The Rally to Restore Sanity…it was funny, and you’re right, THEY were right…but what does it say when 2 comedians are the voice of reason?? I guess that’s to be expected when a good percentage of people admit that their only exposure to the news is The Daily Show and/or the Colbert Report.

    I guess the first step, sometimes the hardest step, is to recognize that there is actually a problem, and to actually care enough about it. But now what do we do??

    • paigeworthy Says:

      After I posted this, it occurred to me that…you also have to remember
      how many people out there actually are working and fighting to fix this.
      Not just writing whiny posts like I am.

      Hope is really, really important — but also really difficult to maintain
      sometimes.

      Before I gave up on network and changed to CNN (yeah, that’s a real step
      up) I watched a few minute’s of Harry’s Law and some ridiculous story
      line about witch doctors dismembering African albinos? And one of the
      lawyers was all, “I can’t even make eye contact with them, because I’m
      overcome by the futility of what we’re doing here.”

      It’s kind of like that.

      I guess.

      Only we have all our arms and legs.

    • paigeworthy Says:

      Also: I just found out that ridiculous storyline is actually RIPPED FROM THE HEADLINES.
      http://news.bbc.co.uk/2/hi/7327989.stm

  2. wardell latham Says:

    I think we all have to “be the change”, and use what ever tools we have to educate others, and promote social justice, rather it be a comedic rally, or blog post, simply being outspoken about issues could move others onto the right path. America has come a long way albeit inch by inch and yard by yard, and still moving forward. But as hard as we try to fight it there will always be hatred and evil in the world, racism and other forms of bigotry are just channels for hateful people use to release that hate and corrupt others with it.

    “Nothing in the world is more dangerous than sincere ignorance and conscientious stupidity.”
    -Martin Luther King, Jr.

    • Brian D Says:

      I agree…its also the little things…its the examples we set, even when we do not know we are doing it. the things we do, the words we choose…and not letting our friends get a pass on the words they choose, and the things they do… calling them out…

      I think this is a struggle we all share, even though some of us, have never been the victim of that kind of hatred.

  3. Acegrl Says:

    I strongly recommend reading Mike Sager’s “Scary Monsters and Super Freaks.” There’s a chapter titled “Damn! They Gonna Lynch Us” that tells the Rodney King story in a thorough, unique way. It includes background on King, including his activities on the night leading up to the beating. It includes background on the police (both the force as a whole as well as the individual officers involved). It includes background on George Holliday, the man who actually filmed the beating. It’s a 360 view on all the factors that fed into the incidents that occurred that night in a truly colorful way.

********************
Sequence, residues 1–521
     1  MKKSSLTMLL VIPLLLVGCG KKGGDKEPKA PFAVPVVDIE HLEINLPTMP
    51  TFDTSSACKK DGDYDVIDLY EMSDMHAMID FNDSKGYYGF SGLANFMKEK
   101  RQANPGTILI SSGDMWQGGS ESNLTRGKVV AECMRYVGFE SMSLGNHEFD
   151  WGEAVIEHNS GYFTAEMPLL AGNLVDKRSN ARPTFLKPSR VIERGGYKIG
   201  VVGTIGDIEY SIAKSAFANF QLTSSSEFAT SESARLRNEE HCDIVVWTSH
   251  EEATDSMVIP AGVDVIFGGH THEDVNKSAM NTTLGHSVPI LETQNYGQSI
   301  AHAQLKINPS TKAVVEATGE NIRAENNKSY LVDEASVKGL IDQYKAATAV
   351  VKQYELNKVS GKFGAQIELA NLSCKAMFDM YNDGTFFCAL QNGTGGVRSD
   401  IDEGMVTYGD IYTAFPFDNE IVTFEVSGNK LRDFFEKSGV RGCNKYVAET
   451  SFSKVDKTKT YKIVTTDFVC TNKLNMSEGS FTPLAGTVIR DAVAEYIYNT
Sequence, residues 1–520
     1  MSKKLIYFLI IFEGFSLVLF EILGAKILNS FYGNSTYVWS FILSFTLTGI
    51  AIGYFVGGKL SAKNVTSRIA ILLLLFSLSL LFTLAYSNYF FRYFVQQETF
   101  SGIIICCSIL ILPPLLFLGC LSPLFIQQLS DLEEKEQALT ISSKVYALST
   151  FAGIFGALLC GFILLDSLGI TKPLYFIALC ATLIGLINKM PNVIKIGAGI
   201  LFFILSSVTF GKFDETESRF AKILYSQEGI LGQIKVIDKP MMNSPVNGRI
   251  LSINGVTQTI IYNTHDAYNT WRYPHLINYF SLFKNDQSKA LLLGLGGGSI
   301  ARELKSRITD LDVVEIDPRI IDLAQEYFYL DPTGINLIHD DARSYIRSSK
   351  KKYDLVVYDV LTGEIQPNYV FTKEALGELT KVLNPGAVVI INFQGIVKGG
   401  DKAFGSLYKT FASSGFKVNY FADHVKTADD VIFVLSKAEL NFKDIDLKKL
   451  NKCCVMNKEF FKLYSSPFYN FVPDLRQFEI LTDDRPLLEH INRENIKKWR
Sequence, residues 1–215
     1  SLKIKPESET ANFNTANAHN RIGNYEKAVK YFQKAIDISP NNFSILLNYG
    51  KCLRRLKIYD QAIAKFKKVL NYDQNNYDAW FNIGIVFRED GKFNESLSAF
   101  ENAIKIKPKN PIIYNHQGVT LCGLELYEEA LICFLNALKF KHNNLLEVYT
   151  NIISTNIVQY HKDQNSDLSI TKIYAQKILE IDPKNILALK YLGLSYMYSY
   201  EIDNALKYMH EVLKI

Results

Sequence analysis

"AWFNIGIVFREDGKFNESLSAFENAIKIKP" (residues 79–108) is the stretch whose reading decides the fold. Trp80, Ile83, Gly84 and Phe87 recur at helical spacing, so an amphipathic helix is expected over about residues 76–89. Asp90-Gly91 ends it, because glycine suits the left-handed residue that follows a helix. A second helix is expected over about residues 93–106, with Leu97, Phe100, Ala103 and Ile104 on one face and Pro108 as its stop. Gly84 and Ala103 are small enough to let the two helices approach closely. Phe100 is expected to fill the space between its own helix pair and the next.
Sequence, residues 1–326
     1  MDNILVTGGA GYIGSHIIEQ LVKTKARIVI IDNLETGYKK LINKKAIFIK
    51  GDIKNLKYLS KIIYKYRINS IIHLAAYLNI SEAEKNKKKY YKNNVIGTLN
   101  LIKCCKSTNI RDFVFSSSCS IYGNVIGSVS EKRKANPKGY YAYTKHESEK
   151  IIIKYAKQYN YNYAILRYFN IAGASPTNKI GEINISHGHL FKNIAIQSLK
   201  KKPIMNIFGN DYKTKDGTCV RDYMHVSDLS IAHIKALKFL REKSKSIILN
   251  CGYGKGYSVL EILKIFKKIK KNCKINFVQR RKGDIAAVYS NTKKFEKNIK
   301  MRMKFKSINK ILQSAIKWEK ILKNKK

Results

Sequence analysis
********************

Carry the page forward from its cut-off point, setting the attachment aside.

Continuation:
4. Gabriel Says:

    As my main dawg Samuel Langhorne Clemens once said– “Change doesn’t occur at the center– it occurs at the edges.” It occurs in the thousands of tiny interactions that we have every daywith the dentist, with the pharmacy-tech, with the neighbor– with the police officer.

    With each other.

    It’s about the kind of people we strive to be– respecting humanity, dignity, civil and human rights. The officers who mercilessly beat Rodney King– and the ones who stood by and did nothing to stop it– the BART officer in Oakland who shot an already-subdued man lying, prone, on the ground– these are the incidents that threaten to rip us to shreds.

    Would Rodney King have been stopped had he been white? Maybe. Would Stacey Koon have delivered those powerful baton blows had he been black? I don’t know.

    The fact that you chose to write about this, out of the approximately 18.6 gajoingallion potential blog topics out there, proves that you are doing something– far greater than merely whining– to promote the kind of change we all need around the edges.

  5. Storm. Katrina Storm. Says:

    I’m about the same age, and from even farther east, and grew up in an area where racism was (and sadly still is) the way it was… So I knew even less about it.

    As I grew up, maybe out of rebellion against my upbringing, or just wanting to do what’s right, I started fighting discrimination.

    Now that I’m almost 27, I look back: I’ve dedicated a big part of my life to promoting equality, and trying to help create a world where all people truly are equal, but it breaks my heart to see that for every step we take forward, there are so many steps backwards.

    There’s a lot we can do, and every person can help make an impact… I’m glad you took the time to research the event, and I’m glad that want to help change things. Yay!